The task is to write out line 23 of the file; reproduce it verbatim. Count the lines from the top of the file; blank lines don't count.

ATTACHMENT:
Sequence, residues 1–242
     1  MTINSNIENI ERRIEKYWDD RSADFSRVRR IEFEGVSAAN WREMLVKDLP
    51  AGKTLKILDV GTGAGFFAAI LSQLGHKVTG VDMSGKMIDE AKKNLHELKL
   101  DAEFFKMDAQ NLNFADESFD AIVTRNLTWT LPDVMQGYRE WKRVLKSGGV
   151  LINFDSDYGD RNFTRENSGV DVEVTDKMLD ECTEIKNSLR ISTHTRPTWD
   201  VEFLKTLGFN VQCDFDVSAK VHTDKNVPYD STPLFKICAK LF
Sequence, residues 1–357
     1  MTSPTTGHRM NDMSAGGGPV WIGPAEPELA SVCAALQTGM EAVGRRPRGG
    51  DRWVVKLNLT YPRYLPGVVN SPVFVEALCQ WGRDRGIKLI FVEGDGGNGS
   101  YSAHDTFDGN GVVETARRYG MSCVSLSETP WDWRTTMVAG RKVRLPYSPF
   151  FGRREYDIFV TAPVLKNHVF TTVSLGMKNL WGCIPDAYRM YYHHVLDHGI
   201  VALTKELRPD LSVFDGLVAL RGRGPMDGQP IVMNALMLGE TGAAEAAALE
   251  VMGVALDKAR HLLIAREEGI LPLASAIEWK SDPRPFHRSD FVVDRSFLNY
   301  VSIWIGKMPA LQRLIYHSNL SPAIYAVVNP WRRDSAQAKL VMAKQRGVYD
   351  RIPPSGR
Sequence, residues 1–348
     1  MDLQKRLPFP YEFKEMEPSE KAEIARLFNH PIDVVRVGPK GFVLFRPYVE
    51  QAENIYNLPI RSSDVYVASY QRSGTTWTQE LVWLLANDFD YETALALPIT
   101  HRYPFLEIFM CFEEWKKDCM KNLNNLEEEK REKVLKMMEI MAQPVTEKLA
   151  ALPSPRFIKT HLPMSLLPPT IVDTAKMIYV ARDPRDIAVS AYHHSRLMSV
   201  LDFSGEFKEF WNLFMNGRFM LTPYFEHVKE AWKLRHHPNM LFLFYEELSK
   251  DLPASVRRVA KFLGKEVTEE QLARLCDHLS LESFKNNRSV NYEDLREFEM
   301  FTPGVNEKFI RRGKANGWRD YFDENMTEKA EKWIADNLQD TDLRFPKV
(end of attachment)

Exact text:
   301  FTPGVNEKFI RRGKANGWRD YFDENMTEKA EKWIADNLQD TDLRFPKV